We need not consider whether other allegations in the protest were in themselves sufficient to require an evidentiary hearing. The Commission will be 'free to consider any issue bearing on the qualifications of the licensee or the required finding of public interest, convenience and necessity * * * the Commission should not conclude its hearing until it has built up a record sufficient to support its final conclusions.' Federal Broadcasting System v. Federal Communications Commission, supra, 96 U.S.App.D.C. at pages 264, 265, 225 F.2d at pages 564, 565. Cf. Clarksburg Publishing Co. v. Federal Communications Commission, 96 U.S.App.D.C. 211, 225 F.2d 511. The Commission may if it sees fit combine the required hearing on Philco's protest with other hearings concerning the license for station WRCV-TV.




We had reversed the Commission's previous action in dismissing the protest on the ground that Philco lacked standing. Philco Corp. v. Federal Communications Commission, 103 U.S.App.D.C. 278, 257 F.2d 656, certiorari denied sub nom. National Broadcasting Co. v. Philco Corp., 358 U.S. 946, 79 S.Ct. 350, 3 L.Ed.2d 352


Although the Commission said 'certain of the matters do not meet the particularity requirement of Section 309(c)', we do not understand it to have found that the protest as a whole failed to allege a 'course towards monopoly' with the required particularity


Similar conduct justified denial of a broadcast license in Mansfield Journal Co. v. Federal Communications Commission, 86 U.S.App.D.C. 102, 180 F.2d 28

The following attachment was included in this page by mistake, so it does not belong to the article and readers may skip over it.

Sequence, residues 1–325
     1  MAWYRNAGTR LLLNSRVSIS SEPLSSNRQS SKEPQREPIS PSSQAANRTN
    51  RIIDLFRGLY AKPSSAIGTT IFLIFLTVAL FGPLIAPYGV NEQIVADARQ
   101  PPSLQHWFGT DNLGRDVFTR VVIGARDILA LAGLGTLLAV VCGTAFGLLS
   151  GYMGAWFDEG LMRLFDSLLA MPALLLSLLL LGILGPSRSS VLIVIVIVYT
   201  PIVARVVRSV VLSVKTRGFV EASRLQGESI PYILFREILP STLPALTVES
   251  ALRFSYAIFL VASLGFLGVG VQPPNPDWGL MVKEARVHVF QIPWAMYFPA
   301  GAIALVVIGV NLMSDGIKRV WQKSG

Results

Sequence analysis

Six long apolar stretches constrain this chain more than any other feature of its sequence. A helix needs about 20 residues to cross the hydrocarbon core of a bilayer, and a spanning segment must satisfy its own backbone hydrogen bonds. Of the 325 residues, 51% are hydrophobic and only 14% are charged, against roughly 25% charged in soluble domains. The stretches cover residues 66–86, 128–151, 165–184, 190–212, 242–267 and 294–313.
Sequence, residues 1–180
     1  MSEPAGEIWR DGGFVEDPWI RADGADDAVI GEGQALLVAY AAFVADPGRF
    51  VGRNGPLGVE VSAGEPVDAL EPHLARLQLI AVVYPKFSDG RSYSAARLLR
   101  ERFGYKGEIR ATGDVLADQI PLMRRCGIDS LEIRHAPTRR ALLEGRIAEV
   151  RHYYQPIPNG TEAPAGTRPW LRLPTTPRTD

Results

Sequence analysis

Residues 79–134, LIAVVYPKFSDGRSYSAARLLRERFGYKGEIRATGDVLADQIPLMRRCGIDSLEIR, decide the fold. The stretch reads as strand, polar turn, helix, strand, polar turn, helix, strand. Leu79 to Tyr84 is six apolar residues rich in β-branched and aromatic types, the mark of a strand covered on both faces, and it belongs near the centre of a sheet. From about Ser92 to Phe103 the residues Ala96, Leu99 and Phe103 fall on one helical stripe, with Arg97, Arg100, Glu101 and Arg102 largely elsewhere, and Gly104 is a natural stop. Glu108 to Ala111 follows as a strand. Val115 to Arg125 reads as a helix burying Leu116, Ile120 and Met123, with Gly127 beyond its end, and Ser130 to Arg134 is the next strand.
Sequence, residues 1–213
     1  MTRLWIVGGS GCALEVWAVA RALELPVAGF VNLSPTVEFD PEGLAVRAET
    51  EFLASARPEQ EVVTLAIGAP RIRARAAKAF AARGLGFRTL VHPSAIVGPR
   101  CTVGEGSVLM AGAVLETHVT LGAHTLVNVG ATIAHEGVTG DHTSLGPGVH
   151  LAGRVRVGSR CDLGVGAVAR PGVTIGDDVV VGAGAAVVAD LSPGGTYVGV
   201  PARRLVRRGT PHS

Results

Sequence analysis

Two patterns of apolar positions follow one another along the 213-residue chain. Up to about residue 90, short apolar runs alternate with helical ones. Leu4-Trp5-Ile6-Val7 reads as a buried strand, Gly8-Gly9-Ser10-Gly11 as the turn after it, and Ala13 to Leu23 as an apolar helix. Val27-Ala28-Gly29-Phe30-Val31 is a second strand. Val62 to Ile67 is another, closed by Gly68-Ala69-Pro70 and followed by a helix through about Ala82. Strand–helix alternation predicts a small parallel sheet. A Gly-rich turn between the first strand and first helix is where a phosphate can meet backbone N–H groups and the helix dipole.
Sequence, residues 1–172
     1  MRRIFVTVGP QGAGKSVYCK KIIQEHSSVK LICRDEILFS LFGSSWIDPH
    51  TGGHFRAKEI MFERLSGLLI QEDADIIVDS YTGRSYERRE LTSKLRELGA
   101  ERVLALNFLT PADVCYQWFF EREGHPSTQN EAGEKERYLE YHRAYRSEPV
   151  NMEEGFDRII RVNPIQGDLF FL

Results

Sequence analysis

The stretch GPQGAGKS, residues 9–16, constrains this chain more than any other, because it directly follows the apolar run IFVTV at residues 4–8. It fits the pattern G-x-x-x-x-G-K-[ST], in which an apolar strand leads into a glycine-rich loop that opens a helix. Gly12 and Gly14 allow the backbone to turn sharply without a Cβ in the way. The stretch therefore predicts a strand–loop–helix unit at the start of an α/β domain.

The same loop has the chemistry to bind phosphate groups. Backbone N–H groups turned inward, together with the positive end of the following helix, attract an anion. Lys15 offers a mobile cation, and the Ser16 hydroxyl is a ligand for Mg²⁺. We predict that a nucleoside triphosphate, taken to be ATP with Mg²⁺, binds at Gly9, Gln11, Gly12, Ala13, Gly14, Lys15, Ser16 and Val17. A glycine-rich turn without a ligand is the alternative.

The Commission's view that with respect to antitrust violations Philco only alleged 'the pendency of certain litigation' is the less tenable because Philco was itself a plaintiff in one of the suits. Philco's statement in its brief to the Commission that it was 'offering to prove those charges' showed its intention and should have dispelled any doubt. It was not, as the Commission thought, an 'untimely pleading' or 'new factual allegations'


The Commission found that the material from the Congressional committee reports was 'unsupported by the requisite allegations stating with particularity the facts relied upon to show that the grant is not in the public interest.' It thought there was a 'serious question' whether the subject matter of he antitrust suits was alleged with sufficient particularity, but did not resolve this issue


'or that the licensee was technically or financially unqualified, contrary to the Commission's initial finding.'